Thursday, July 16, 2009

Under the Covers: Neil Young Edition

First, a little housekeeping, in the form of an apology for a lack of posts on here of late. The combination of Glastonbury and related hangovers, followed by a bout of overnight shifts, knocked me back a bit. The bad news - I now have some time off to make up for it. Expect a rash in the next few days.

Right. Welcome to the first edition of Under the Covers, which will become an (ir)regular feature on Ragged Glories going forth. It does what it says on the tin, which is to say it deals exclusively in cover versions. And what better way to start than with five of the best Neil Young covers.

Johnny Cash - Heart of Gold (Unearthed II: Trouble In Mind, 2003)

Take one old master, emptying the tank on his final set of recordings, and give him a Neil Young song to cover. This can only work out well.

Heart of Gold was one of two Neil songs Johnny Cash tackled during the American Recordings, but both it and Pocahontas were added to the pile of cast-offs before finally appearing on the posthumous Unearthed. Thank goodness they did.

Pocahontas is the better song, one of Neil's best, but this is the better cover. While Pocahontas suffers from a little over-elaboration, distracting from the raw beauty of its battle-weary lyrics (which should have been perfect for Cash's fading voice), Heart of Gold is given a fresh lease of life by a man coming to the end of his life. When Neil first summed up his search for a Heart of Gold with the line "...and I'm getting old", there was irony - he was 25 years of age. When Cash sings it here, it is with the rueful smile of a man who has conducted a life-long search.

Emmylou Harris - Wrecking Ball (Wrecking Ball, 1995)

If you're going to cover a Neil song, and need someone to do backing vocals, who do you get? Neil. Only if you can, of course, but Emmylou Harris can.

There's absolutely nothing not to like about this. Whisper it, because I can hardly bring myself to write it about Neil, but it's better than the original (it's okay, it's not like he wasn't there and involved, right?). Emmylou's take is more tender and touching than the original, and these are lyrics that seem like they were written for a female voice. Emmylou subtly adds "I'll" to the chorus lyric "Wear something pretty and white", which is no longer a request but part of the offer.

This served as the title track of Emmylou's 1995 album, which ushered in something of a revival for her, followed as it was by the likes of Red Dirt Girl and Stumble Into Grace. Working with Daniel Lanois, best known as U2's producer, she used an updated electric sound, far more atmospheric, which only served to enhance the greatest voice in country music.

Scott Miller & The Commonwealth - Hawks and Doves (Reconstruction, 2007)

The original sounds like it was recorded in a bar, presumably quite considerably after closing time, so what better way to cover it than live, in a bar, with closing time fast approaching.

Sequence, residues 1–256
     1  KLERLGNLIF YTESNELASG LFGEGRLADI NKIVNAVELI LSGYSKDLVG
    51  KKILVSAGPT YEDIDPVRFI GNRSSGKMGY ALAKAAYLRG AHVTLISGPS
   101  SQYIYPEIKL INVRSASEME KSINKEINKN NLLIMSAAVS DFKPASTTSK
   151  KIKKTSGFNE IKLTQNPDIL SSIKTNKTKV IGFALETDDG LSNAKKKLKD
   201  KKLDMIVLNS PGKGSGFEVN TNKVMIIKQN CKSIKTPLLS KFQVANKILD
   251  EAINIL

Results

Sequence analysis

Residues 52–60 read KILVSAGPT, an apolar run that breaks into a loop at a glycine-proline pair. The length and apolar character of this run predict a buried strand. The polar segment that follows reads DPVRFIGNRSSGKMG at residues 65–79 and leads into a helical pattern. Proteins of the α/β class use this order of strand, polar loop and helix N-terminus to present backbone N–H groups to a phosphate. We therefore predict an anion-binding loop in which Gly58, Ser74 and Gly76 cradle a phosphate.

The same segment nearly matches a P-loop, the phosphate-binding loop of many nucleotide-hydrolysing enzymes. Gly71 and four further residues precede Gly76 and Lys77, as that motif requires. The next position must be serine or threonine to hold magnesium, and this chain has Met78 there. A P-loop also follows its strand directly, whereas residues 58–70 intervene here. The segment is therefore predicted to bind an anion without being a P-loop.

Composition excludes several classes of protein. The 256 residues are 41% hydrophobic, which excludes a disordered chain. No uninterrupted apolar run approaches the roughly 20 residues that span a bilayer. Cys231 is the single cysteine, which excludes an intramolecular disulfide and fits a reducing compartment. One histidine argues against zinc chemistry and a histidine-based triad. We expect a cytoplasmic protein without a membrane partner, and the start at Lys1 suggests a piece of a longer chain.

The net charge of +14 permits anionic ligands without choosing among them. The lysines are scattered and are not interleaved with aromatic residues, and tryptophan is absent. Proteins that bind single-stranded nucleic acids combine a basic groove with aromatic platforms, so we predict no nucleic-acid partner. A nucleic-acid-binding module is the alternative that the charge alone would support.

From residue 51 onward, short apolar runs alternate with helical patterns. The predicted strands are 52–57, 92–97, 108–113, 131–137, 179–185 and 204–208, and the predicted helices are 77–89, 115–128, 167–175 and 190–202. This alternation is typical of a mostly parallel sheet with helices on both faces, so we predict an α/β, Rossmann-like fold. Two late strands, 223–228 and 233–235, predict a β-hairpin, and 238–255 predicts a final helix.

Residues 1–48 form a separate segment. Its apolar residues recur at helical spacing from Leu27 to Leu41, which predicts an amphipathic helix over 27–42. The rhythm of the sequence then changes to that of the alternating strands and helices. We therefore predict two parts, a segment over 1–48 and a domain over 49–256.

A gloriously ragged slow stumper back in its original form, Hawks and Doves epitomised Young's surprising and controversial rightward political tilt at the start of the 80s.

Miller first covered it for his 2006 album, Citation, but I've gone with the more raucous live version from 2007's Reconstruction. Cleaned up and speeded up, Miller turns this into an anthem, and one I used to love belting out at the top of my lungs flying down the freeway - "I'm proud to be living in the USA" is a great lyric to sing when you've just moved to the country, as I had when this came out.

Given how misplaced most of the analysis of the original proved, we won't even consider the politics of covering this at the time Miller did, but just appreciate a good ol' sing-along.

The Pixies - Winterlong (Bridge: A Tribute To Neil Young, 1989)

This was one of the true highlights of the 1989 collection, Bridge: A Tribute to Neil Young, for a couple of reasons.

Firstly, this song is something of a lost classic - at least as lost as anything that figures on the essential Neil compilation Decade can be. Never appearing on an album proper, it almost seemed to be forgotten in the great mass of Neil's works.

The Pixies rescued it from obscurity and made it their own - which maybe wasn't too hard given how the flowing melody of the vocals over a driving rhythm echoed their own sound.

Buddy Miles - Down By The River (Them Changes, 1970)

If you were drawing up a list of songs that no one should bother trying to cover, there's a strong case for putting Down By The River somewhere near the top. Let's be honest, Neil nailed it. The original version is among the greatest nine minutes and 27 seconds in musical history.

But Buddy Miles clearly was not put off. Bringing his soulful sounds to the party, Miles polishes the raw edges of Neil's classic, changing the mood to something more sinister. Gone is the emotion that charged the original, almost as though Miles doesn't care what he's done.

No, this isn't as good as the original, but it's a more than worthy effort.

PS - The picture credit for this post goes to my good friend Jack Doyle - this was our view of the great man at Glastonbury. Fantastic.

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